How to get your head around some basic financial concepts
Do your eyes glaze over when you hear financial terms like net present value or accrued interest? Do you run a mile when someone starts talking about an Equivalent Annual Rate? If that sounds like you, then you’re in luck. This article will explain the three concepts on which nearly all other financial concepts are based. If you can get your head around these three ideas, everything else will make a lot more sense.
The three concepts are:
- Time value of money
- Supply and demand
Time value of money
Time value of money concerns the interest you pay on a loan and the interest you receive on a deposit, and boils down to the idea that money available right now is worth more than the same amount in the future due to its potential earning capacity. If you understand this idea, then a lot of the other terms you’ll find in our glossary will begin to make more sense.
If you have £100 and you keep it in your wallet, in a year’s time it will still be £100. However, if you put it in a savings account at a bank, you could earn up to 2.45% interest, which would mean the present value (PV) of £100 would grow to the future value (FV) of £102.45.
If you borrow money, you receive the present value but owe the future value of that amount, and that future value depends on the interest rate you pay. If you have a credit card and go over your overdraft limit, you’ll pay a higher rate.
If you lend money or if you put money in a savings account that amounts to the same thing, you lend the present value and receive the future value in return.
If you keep that money in your wallet, you miss out on the interest – this is known as the opportunity cost. You also have an opportunity cost if you spend the money on a car, or if you invest the money in stocks, real estate, or any other asset. All investments are therefore measured against their opportunity cost, which is the FV minus the PV.
If you flip a coin, there’s a 50% probability it will land on heads, and 50% chance it will land on tails. If you randomly draw a playing card from a 52-card deck, there’s a 25% (13/52) probability it will be a Spade, a 7.7% (4/52) chance it will be a Jack and a 1.9% (1/52) chance it will be a Jack of Spades.
Probabilities are very similar to betting odds. If you head over to a betting site and place a bet on a football team at 3 to 1, you will win three times your bet if your team wins. That means the bookies, or the other people betting, think there is a 1 in 3 chance of the team winning. That’s the same as a 33.3% probability.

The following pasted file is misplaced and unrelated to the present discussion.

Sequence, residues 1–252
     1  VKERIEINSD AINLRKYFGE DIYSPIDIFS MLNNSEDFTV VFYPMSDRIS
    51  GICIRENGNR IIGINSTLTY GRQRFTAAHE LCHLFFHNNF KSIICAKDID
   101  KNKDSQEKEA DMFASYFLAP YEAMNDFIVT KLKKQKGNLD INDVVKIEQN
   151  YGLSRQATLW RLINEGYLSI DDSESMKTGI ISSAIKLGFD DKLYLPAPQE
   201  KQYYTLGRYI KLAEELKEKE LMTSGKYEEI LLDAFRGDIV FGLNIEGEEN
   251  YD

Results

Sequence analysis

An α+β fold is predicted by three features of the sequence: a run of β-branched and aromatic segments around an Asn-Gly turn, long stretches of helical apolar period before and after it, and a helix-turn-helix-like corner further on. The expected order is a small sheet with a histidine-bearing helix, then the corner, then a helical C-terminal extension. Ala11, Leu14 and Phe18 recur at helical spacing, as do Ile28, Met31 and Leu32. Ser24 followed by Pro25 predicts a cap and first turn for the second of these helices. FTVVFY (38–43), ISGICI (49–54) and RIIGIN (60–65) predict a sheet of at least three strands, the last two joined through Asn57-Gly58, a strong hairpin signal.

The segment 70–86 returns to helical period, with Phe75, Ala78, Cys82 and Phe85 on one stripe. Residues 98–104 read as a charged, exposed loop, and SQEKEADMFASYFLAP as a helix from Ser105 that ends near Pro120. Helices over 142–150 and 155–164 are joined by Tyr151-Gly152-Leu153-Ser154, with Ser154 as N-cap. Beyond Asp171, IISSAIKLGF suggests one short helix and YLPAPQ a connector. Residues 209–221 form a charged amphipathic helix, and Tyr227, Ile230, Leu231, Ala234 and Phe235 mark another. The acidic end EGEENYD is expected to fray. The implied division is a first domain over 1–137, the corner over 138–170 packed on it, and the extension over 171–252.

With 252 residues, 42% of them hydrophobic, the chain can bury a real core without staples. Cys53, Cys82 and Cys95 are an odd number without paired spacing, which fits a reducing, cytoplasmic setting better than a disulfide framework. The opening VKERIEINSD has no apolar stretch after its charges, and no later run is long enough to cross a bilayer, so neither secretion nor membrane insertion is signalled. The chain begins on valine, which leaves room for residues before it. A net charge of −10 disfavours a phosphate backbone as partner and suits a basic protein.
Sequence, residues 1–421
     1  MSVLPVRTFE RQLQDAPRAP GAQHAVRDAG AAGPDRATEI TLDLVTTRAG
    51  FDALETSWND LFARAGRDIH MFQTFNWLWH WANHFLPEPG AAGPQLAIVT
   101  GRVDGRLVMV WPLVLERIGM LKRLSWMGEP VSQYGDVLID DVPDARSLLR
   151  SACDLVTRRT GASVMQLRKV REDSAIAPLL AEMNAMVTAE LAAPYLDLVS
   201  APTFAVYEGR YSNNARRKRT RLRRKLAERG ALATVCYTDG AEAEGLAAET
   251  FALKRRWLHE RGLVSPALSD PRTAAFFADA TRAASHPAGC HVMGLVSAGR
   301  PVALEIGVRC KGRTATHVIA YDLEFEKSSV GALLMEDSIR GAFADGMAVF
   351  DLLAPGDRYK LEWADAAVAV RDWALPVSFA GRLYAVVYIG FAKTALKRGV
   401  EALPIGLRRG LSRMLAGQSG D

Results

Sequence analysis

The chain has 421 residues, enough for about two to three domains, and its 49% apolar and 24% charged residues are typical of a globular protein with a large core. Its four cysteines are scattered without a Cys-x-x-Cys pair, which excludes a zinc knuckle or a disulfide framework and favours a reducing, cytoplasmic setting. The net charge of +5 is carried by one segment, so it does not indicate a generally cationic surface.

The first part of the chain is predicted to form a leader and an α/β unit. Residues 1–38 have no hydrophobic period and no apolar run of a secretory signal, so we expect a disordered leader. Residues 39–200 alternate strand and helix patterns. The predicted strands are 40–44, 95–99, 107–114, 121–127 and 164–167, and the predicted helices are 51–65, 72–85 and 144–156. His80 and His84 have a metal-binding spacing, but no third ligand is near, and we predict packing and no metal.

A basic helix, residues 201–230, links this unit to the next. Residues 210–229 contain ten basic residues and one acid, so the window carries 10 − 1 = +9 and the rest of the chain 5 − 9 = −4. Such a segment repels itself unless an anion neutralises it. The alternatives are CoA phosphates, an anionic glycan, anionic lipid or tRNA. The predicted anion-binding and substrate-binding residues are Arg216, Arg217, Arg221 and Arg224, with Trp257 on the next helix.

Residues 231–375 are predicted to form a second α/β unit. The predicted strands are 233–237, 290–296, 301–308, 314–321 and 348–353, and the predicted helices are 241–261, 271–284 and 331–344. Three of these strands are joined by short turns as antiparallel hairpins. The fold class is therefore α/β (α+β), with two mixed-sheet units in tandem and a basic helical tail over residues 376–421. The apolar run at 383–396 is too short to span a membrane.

Probabilities are important because they are used to weigh up the risk of loss. Rather than putting your £100 in a bank account to earn £2.75, you might decide to place that money on a bet at 3 to 1 odds. After all, you could win £300. But you only have a 33.3% chance of winning that money. If you put your money in the bank you have a 100% chance of getting it back with interest. Even if the bank goes out of business, deposits of that size are guaranteed by the government.
Trading is almost always based on probabilities, as are derivatives and insurance.
Supply and demand
While time value of money and probabilities determine the way people value investments, the price is determined by supply and demand. Ultimately, it is supply and demand that determines the price of shares, real estate, currencies and even cryptocurrencies. If there is more demand than supply at a particular price, the price will rise until demand and supply are balanced. If there is more supply, the price will fall.
The price of Bitcoin has risen because demand is rising faster than supply. While new buyers enter the market, only about 2,000 new coins are mined every day. And that number decreases each day too, while the number of buyers increases. There will only ever be 21 million Bitcoins in existence. You can see the number of coins that have already been mined here – as of 5 December 2017, it was 16,724, 000.
The time value of money allows one to choose between one investment and another, probabilities allow us to weigh up the risks of various investments, and those factors influence supply and demand, which ultimately determines prices. If you can get your head around those three ideas, almost any concept in finance will make sense to you.